THE JOURNAL OF APPLIED MANAGEMENT ACCOUNTING RESEARCH
Table of Contents
By Janek Ratnatunga
Factories at home or in a small business (3D Printing); costless travel over long distances (Maglev); generators powering all energy requirements (Fuel Cells); a farm in a high-rise building (Hydroponics); driver-less taxis (Robotic Vehicles) are all technologies that are already with us, and only a few years away from commercialisation.
A few years further into the future may see life expectancies increase via the advances in biological response modifier therapies. Wireless electricity will enable a user to access to power the same way as a mobile telephone call. Hot fusion will have an enormous impact on the waste-management and recycling costs in industries. Finally, the biggest game changer that will affect many facets of our life will be cultured meat, i.e. meat without livestock that will not only have a major impact on many industries but also on our religious belief systems.
As a profession that prides itself as dwelling in the future, management accountants need to be aware of the dramatic changes to business models that these technologies will bring.
Carbon Risk Management: A Comparative Case Study of Two Companies within the Australian Energy Sector
By Shaun Butterworth, Nava Subramaniam, Michelle M. S. Phang
The purpose of this study is to understand how regulatory uncertainty associated with the Australian Federal government initiatives towards establishing a carbon pricing scheme has affected the perceptions and management of risks related to carbon emission reduction at the organisational level. The present study, based on evidence from archival and interview data from two Australian energy sector firms, provides insights into how managers perceived various risks associated with the Renewable Energy Trading (RET) scheme and the delay in the proposed Carbon Pollution Reduction Scheme (CPRS), and how such risks were seen to impact different features of their organisations’ management control system (MCS). Our findings indicate that regulatory uncertainty and the strategic stance undertaken by organizations affect a variety of internal uncertainties related to financial, information processing and organisational values, which in turn impact risk mitigation and performance management strategies.
By Gregory Laing, Kirsty Dunbar
This research empirically tests the relative and incremental information content of performance measures EVA, EPS, ROA and ROE against the Market Value of the shares in the four major Australian banks. Data was obtained from database sources for the purpose of calculating the EVA and extracting the EPS, ROA, ROE and Share Market Value of the four major banks in Australia for the years 2003 to 2011.
Two null hypotheses were derived from the literature and tested using the Multiple Linear Regression method. In contrast to results commonly reported, no significant relationship was found between EVA and the market value in terms of relevant information content. However, the incremental information content of EVA was found to be significant in the model tested. This study did not test the different models for calculating EVA which future research may investigate. Future research may also examine more performance measures in the model.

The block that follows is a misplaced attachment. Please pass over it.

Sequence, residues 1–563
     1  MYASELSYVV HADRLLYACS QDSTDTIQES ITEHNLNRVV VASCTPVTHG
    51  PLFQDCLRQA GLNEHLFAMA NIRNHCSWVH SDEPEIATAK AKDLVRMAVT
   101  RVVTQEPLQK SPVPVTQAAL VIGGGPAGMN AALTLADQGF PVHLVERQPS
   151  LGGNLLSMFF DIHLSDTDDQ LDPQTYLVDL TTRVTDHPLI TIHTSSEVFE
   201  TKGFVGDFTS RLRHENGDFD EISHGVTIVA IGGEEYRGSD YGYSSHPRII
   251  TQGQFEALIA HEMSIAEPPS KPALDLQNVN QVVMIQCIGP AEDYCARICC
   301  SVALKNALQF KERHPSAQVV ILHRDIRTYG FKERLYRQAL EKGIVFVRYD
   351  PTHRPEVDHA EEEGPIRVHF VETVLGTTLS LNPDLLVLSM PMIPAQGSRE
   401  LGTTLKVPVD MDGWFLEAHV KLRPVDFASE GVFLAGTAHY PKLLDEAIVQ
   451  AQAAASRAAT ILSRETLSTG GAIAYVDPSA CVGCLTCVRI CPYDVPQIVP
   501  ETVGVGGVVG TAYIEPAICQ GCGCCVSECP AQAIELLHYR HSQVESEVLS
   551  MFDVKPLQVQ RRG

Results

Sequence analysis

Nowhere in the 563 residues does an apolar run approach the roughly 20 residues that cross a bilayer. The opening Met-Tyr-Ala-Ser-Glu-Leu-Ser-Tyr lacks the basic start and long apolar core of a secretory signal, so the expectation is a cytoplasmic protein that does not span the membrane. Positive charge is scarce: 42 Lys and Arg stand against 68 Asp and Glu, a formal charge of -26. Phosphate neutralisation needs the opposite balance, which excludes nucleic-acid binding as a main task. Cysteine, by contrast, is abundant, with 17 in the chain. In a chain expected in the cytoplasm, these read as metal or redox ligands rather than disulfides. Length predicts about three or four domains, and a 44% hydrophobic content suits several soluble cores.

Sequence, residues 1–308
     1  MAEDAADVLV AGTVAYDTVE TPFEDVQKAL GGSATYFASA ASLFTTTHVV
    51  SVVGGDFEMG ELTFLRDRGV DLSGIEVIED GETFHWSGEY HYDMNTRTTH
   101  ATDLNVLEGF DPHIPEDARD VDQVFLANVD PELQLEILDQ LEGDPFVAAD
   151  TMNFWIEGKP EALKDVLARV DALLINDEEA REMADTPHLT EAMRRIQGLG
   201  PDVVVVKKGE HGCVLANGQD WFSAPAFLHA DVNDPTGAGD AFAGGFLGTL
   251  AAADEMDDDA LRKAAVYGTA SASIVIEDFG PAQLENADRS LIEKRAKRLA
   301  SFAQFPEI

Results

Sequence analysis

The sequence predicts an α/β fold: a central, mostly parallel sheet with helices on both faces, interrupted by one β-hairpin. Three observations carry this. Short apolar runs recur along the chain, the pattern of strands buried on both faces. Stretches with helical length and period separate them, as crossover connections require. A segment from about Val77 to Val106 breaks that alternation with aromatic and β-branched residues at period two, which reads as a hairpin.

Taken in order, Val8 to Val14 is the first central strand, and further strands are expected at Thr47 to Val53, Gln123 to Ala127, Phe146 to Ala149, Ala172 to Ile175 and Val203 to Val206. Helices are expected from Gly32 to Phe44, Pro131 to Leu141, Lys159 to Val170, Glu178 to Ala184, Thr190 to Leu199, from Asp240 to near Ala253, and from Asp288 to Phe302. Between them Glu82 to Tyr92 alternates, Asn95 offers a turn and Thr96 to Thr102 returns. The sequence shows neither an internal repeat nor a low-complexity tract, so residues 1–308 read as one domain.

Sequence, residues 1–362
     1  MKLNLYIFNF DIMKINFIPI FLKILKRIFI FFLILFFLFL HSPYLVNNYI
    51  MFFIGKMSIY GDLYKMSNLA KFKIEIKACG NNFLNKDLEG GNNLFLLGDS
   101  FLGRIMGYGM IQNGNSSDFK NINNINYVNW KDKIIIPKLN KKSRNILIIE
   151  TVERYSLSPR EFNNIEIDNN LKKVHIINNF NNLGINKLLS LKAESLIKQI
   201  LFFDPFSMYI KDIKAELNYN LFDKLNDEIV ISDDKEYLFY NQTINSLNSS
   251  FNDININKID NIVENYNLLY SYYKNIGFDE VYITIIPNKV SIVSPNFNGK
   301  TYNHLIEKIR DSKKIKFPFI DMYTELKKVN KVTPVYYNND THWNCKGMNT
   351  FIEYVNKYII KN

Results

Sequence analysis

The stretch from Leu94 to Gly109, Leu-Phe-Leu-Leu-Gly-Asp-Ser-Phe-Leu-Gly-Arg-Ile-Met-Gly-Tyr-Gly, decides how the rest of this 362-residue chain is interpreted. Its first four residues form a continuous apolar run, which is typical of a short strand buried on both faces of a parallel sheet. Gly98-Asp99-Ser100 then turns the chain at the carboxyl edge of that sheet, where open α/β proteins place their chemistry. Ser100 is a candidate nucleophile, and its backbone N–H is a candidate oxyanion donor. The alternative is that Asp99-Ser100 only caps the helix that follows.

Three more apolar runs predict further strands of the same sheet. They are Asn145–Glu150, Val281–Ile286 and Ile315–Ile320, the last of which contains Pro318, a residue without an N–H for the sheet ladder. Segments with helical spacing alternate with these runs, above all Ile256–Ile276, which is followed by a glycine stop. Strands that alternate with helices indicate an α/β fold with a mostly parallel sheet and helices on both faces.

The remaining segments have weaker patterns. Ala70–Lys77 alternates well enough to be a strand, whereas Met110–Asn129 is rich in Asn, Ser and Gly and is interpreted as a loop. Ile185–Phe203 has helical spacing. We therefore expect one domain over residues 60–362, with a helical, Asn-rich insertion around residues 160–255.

Mismatch in the Design of Performance Measures: A Solution for Managing Conflicting Organisational Goals
By VG Sridharan, Jane Bui
This paper examines the economic rationale behind an unusual field study finding with the help of agency theory. Why would a firm evaluate employees on one measure but reward them on the basis of another conflicting measure? The paper adopts Yin’s (1994) scientific case study approach to identify practical reasons from a division of a single firm.
The analysis points to the firm’s inevitable need to control two potential opportunism sources namely, information-hiding and delaying (or ‘go-slow’) as the primary reasons for the deliberate design of such mismatching measures. Finally, the firm exploits the economic power of the customer satisfaction measure, whose subjectivity and informal design helps offset the negative effects of the goal conflict.
While the extant literature identifies two types of measurement mismatch, this paper documents the prevalence and management of a third type namely, deliberate design of mismatching measures for conflicting goals.
By William A. Kerler III, Christopher D. Allport, A. Scott Fleming
This study examines attribute framing in a capital budget decision-making scenario. In an experiment utilising 183 participants, we test the impact of extreme probabilities on the investment decision making process.
Results indicate that the presence of attribution frames may be problematic in certain decision-making scenarios and that framing effects may be stronger and more persistent than prior theory suggests.
This research adds to the literature through an extension of the understanding of the attribute framing phenomenon on capital budgeting decisions. it is important in that it highlights the potential for sub-optimal decision-making in that attribute framing is not easily moderated, even when utilising extreme probabilities in the capital spending approval process.